Verdict in $5 million lottery ticket trial expected Wednesday

Nayel Ashkar, 36, and Andy Ashkar, 34, are accused of swindling a customer out of a $5 million winning lottery ticket in October, 2006

The verdict for two brothers accused of stealing a winning $5 million scratch-off lottery ticket is expected Wednesday morning.

The attorneys for Andy and Nayel Ashkar tell CNY Central they expect Judge Joseph Fahey to give his verdict in Onondaga County Court at 10:00 a.m. Wednesday morning.

Andy and Nayel Ashkar are accused of stealing the winning $5 million ticket from Robert Miles who claims he bought it at the Green Ale Market in Syracuse, which is owned by the siblings' father Nayef Ashkar.

The bench trial lasted four days with testimony from Andy Ashkar, Robert Miles, a co-worker of Miles and New York State Lottery officials.

Prosecutors say the brothers scammed Miles out of the winning ticket in October 2006 by telling Miles he won $5,000 and giving him $4,000 for the ticket. The brothers waited until March 2012 to claim the jackpot at a Lottery office in Schenectady.

Andy Ashkar testified that he didnâ??t steal the ticket or have any contact with Miles. He said that after scratching off the ticket he started driving to the lotto office but stopped to think about it first.

Andy Ashkar said he waited five years to cash in the $5 million lottery ticket because, he said, "I had a lot going on." He said he waited two years to tell his wife about the ticket.

Ashkar was unemployed in 2006, when itâ??s alleged he stole the ticket, and applied for and received Medicaid benefits in 2007. Ashkar said he didn't tell the state about the lottery ticket when applying because, he said, "I filled out the form quickly."

Miles testified that he often purchased lottery tickets from the Green Ale Market and that he remembers buying the ticket in October, 2006, scratching it off, and immediately realizing it was worth $5 million. Miles says he showed the ticket to Andy Ashkar, who told him it was only worth $5,000, and that Andy cashed it for him for $4,000.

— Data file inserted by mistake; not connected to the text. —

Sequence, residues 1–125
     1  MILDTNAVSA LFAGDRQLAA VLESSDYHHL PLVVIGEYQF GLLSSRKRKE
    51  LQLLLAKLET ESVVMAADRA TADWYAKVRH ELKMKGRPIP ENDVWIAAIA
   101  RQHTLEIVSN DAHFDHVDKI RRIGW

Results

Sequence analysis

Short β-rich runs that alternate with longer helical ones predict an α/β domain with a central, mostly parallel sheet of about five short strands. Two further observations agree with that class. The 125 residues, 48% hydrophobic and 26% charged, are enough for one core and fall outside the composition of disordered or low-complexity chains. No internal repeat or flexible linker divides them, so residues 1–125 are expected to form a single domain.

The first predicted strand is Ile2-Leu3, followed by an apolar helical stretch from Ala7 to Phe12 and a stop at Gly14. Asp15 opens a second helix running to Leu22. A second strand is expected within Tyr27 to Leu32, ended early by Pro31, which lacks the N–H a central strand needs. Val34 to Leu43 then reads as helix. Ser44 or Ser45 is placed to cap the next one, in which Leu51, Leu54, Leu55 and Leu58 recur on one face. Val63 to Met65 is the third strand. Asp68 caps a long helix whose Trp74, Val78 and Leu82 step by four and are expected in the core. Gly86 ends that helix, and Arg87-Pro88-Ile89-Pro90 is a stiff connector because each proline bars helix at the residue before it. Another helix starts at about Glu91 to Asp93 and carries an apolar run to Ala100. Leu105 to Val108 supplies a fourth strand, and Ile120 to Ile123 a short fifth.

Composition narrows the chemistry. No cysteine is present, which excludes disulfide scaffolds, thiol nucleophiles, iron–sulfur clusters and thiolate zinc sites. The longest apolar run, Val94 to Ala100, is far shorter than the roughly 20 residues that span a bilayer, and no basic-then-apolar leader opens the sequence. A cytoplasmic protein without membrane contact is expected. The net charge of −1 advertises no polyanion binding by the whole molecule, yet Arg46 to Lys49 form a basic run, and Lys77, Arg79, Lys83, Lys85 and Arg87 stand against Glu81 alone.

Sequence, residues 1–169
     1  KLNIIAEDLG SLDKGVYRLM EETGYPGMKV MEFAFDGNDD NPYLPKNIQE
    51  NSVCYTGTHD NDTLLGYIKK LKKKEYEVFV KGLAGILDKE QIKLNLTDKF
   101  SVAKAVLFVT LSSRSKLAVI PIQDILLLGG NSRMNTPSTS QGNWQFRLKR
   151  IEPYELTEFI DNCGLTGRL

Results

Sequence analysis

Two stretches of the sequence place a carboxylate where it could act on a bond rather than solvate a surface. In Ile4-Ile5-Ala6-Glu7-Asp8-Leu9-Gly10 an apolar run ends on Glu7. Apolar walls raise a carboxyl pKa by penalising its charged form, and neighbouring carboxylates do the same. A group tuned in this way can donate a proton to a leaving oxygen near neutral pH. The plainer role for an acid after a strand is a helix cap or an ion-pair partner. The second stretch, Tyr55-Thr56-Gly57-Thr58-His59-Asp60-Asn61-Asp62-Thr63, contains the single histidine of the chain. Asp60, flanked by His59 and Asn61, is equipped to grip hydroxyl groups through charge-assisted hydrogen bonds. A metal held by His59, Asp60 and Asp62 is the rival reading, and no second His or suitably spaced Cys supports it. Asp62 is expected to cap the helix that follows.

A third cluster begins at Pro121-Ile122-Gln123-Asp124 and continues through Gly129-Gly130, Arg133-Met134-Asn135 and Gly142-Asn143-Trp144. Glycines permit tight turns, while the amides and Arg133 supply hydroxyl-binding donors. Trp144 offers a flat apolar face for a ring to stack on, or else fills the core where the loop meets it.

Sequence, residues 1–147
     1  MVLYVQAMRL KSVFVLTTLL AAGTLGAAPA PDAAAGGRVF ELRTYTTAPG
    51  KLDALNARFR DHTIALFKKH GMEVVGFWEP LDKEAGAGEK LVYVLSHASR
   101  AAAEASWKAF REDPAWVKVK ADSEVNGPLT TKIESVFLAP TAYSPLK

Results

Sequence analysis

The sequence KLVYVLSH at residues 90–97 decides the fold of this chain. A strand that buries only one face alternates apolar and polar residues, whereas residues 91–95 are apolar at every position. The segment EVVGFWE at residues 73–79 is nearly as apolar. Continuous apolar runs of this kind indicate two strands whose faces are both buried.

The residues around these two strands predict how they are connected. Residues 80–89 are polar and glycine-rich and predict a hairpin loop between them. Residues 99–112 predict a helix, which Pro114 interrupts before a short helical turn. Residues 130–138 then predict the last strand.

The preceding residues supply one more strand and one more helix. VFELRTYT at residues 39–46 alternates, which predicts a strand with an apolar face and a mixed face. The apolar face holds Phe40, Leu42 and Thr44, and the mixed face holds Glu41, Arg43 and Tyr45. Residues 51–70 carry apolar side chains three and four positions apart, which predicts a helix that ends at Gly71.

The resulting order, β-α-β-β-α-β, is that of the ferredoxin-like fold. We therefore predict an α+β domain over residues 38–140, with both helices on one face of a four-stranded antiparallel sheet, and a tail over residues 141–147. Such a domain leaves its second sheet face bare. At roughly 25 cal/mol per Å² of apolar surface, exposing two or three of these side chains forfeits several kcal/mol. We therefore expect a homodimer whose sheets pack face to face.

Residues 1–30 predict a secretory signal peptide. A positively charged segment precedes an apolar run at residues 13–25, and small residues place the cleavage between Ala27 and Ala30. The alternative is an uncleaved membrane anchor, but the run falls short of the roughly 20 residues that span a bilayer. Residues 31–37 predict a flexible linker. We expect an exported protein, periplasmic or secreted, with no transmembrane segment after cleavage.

Miles said he didn't come forward about the winning ticket until recently because he didn't have any evidence. He said it would have been Andy's words against his.

The Lottery was contacted by Syracuse Police on behalf of Miles after the lottery out a news release about the winning ticket, without being sure of the winners, to see if anyone else would come forward to claim the ticket.

Ramon Rosario, a co-worker of Miles, said he was with Miles when he bought the ticket and that when he looked at the ticket, he noticed that Miles had not completely scratched off the ticket. Rosario said Miles thought he won $5,000 but Rosario told him it was worth $5 million. When Miles came back from the store with only $4,000, Rosario said he told Miles he was robbed. Rosario admitted that he never contact the police about the ticket and continued going to the Ashkarâ??s store after the incident.

A lottery employee testified that the Lottery's rules prohibit a retailer from paying out any winning lottery ticket worth more than $600 and that that Andy Ashkar has turned over five winning lottery tickets worth $1000 or more since 2006.

Joan China, a New York State Lottery official from Schenectady, testified that Andy and Nayel Ashkar came into the Lottery office to claim the prize and became frustrated and uncooperative when officials asked how they got the ticket. China said Nayel Ashkar threatened to tear the ticket and walk out because he didnâ??t need the aggravation. She said the brothers could have cashed the winning ticket at any Lottery site but chose to go all the way to Schenectady to do so.

Andy Ashkar told Lottery officials he would have been willing to take a lesser amount in exchange for remaining anonymous. Ashkar said he wanted to protect his family and that he went to the Schenectady office because he didnâ??t want attention from the media in Syracuse.

Kent VanderWal, an attorney for the Lottery, said he was concerned that the prize wasnâ??t claimed for several years, that the brothers were related to the retailer, and that they did not want to go public with the winning. He sent a news release about the winning ticket which prompted Miles to contact police.

The brothers' father, Nayef Ashkar, is accused of

helping his sons

and was arraigned in March on two counts of with fourth degree conspiracy.